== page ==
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Will the next generation think about diseases like Alzheimer’s and diabetes the way we think about polio and the whooping cough? Susan Solomon, the co-founder of the New York Stem Cell Foundation (NYSCF), certainly hopes so. In this fascinating talk from TEDGlobal 2012, Solomon delves into the foundation’s work on research with stem cells, which she calls the “black boxes for diseases.”
“[Stem cells] are our bodies’ own repair kits. They are pluripotent, which means they can morph into all of the cells in our bodies,” says Solomon. “Right now there are some really extraordinary things that we are doing with stem cells that are completely changing the way we model disease, our ability to understand why we get sick and even develop drugs. But … this field has been under siege, politically and financially.”
While much of the fray is about embryonic stem cells — still the gold standard when it comes to cells — Solomon explains that another type of pluripotent stem cell (called iPS cells) can now be created by, essentially, reprogramming skin cells. These cells hold great promise for allowing researchers to see how diseases develop in humans, rather than in rodents.
Currently, developing a drug takes an average of 13 years, costs $4 billion, and has a 99% failure rate. And because it’s impossible to test a new drug on a large and representative sample of the human population, even a drug that tests well with many people will have side-effects for others, based on their genetic makeup. This is a problem that’s sometimes not apparent until the drug is on the market and being prescribed to patients — like in the tragic case of Vioxx.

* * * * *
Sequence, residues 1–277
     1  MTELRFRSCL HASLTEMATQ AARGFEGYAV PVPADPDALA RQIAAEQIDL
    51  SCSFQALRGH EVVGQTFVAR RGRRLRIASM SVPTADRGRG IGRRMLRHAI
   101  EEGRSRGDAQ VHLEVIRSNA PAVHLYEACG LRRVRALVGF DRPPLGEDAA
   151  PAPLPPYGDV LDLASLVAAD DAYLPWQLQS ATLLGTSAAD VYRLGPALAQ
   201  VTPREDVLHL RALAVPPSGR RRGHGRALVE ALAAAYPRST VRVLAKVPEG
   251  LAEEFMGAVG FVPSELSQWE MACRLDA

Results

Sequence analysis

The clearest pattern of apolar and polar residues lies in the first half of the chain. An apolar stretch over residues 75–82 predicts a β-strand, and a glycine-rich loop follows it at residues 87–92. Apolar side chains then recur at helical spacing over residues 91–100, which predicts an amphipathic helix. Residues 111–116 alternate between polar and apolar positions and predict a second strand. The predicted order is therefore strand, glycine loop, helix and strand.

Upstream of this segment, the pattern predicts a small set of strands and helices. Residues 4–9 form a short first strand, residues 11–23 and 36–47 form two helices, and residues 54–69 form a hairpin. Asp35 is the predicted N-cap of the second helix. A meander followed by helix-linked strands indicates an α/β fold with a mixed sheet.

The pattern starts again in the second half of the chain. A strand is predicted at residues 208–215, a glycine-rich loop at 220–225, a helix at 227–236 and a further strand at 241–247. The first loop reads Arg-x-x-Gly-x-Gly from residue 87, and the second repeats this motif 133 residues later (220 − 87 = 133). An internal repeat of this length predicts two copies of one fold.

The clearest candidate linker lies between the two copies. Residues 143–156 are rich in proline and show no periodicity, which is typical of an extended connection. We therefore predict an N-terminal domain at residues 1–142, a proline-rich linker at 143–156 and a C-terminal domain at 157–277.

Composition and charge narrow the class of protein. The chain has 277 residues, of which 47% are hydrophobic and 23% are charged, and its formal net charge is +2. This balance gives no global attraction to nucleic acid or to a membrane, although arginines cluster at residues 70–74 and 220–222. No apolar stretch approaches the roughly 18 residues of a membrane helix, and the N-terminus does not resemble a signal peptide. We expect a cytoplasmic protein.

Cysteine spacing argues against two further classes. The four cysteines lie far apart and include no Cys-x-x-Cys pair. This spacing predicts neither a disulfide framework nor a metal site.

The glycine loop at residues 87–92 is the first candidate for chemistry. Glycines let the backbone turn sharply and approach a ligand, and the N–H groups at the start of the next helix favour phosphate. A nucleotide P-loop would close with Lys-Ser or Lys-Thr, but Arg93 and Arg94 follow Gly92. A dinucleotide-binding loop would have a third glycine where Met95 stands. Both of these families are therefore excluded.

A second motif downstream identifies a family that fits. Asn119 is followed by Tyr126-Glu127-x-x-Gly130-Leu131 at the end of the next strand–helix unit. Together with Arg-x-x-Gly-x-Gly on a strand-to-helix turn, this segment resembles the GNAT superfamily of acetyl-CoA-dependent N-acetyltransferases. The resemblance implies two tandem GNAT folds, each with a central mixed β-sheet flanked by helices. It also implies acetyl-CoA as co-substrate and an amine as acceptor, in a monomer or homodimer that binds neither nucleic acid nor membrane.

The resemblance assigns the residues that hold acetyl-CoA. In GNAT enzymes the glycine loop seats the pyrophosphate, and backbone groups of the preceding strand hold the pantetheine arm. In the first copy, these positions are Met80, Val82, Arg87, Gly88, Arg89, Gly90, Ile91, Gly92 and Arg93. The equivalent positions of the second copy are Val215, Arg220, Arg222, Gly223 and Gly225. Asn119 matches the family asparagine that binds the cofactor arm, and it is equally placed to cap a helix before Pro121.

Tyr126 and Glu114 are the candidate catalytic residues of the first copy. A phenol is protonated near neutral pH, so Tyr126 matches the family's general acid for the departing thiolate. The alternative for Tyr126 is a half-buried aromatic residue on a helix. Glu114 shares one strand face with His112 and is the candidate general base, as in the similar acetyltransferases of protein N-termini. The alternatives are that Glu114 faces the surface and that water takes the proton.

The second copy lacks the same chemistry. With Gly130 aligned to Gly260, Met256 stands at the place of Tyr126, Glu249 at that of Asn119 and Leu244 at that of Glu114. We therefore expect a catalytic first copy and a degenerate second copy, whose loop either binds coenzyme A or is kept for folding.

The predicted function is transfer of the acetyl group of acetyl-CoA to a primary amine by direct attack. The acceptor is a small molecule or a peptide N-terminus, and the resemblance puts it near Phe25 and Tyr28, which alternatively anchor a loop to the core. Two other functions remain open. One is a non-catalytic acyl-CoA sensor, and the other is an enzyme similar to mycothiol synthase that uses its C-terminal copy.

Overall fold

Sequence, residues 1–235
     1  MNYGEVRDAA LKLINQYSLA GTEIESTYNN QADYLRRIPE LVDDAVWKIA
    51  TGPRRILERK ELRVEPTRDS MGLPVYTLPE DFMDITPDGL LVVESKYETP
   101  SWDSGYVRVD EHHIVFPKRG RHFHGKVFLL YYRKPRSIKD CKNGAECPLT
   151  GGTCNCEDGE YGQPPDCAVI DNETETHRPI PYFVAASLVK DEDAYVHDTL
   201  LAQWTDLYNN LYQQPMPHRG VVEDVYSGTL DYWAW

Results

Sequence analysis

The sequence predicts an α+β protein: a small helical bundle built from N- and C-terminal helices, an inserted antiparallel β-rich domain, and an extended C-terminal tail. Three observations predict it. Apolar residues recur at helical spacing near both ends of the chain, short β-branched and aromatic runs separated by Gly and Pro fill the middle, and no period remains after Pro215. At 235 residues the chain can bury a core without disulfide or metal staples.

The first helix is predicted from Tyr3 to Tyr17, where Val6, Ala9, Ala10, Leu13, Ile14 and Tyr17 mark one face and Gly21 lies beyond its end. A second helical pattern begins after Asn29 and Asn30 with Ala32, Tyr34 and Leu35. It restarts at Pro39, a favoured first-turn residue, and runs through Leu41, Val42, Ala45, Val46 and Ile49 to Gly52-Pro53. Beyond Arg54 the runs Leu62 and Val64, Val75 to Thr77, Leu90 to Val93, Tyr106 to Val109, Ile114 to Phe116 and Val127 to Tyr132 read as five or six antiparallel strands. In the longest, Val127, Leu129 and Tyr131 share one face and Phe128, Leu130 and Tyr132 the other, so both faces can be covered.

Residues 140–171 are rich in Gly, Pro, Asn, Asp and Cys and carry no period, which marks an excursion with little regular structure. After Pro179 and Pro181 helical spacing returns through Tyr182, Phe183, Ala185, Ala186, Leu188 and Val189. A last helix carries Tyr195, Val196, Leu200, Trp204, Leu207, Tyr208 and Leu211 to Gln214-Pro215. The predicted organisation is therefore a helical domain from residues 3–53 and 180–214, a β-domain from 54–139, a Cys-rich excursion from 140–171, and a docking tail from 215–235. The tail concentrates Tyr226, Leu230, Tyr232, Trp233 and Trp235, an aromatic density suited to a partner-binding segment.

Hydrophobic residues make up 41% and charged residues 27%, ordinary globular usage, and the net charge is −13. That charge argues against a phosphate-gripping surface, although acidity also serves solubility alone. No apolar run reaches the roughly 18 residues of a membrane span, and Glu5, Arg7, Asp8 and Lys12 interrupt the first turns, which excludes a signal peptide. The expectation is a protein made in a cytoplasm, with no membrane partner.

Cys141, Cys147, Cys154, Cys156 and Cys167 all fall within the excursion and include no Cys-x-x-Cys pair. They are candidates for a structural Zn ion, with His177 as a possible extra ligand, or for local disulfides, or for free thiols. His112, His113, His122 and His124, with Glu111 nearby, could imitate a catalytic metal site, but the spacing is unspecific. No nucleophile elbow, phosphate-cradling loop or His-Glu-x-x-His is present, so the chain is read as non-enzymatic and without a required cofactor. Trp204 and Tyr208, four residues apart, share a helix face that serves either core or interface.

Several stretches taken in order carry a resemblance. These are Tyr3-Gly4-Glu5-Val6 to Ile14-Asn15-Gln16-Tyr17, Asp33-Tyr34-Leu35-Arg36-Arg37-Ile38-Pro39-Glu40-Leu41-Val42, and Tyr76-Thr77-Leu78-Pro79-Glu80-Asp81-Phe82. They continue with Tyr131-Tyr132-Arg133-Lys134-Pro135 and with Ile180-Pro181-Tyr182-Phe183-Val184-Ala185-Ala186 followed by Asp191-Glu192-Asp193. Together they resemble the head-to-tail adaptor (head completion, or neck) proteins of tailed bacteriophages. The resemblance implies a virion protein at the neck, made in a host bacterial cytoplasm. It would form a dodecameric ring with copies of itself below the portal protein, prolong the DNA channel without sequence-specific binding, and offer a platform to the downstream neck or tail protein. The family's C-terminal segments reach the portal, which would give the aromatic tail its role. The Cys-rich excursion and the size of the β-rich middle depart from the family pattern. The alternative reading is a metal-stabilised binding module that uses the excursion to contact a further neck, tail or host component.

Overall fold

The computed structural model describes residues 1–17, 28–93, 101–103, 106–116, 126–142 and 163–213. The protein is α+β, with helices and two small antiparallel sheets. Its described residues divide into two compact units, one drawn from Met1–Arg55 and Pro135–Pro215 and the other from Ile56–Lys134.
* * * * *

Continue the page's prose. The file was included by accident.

“That’s a terrible business model, but also is a horrible social model,” she says. “The way we’ve been developing drugs is essentially like going into a shoe store and no one asking what size you are … They just say, ‘Well, you have feet. Here are shoes.’”
From the TEDGlobal stage, Solomon outlined an exciting new approach—her team at NYSCF has developed a machine that creates stem cell linesthat, until now, had to be crafted by hand. NYSCF expects to produce 2,500 stem cell lines by the end of the year. The idea is to eventually produce a comprehensive array of 25,000 stem cell lines — which act like avatars for a wide sample of people — that researchers would have access to as they test new drugs. This could help avoid disasters and also let people know ahead of time of what side-effects they, specifically, can expect with a given medicine.
Two months after her talk, Solomon tells the TED Blog that interest in NYSCF work is growing. Pointing to a recent article in The New York Timesabout how future lung cancer treatments could be tailored to individuals, Solomon said, “It’s really the leading edge of where this field is going.”
But Solomon stressed that it will be extremely difficult to change the current systems of drug development.
“All the established companies have been using mouse-and-rodent testing forever,” she said. “A lot of people’s careers are staked to a method that is outdated. It’s like the tech sector; this is really the high-tech sector for biomedical research.”
To hear more about the NYSCF, watch Solomon’s talk. Below, watch 9 more talks about the incredible promise of stem cells.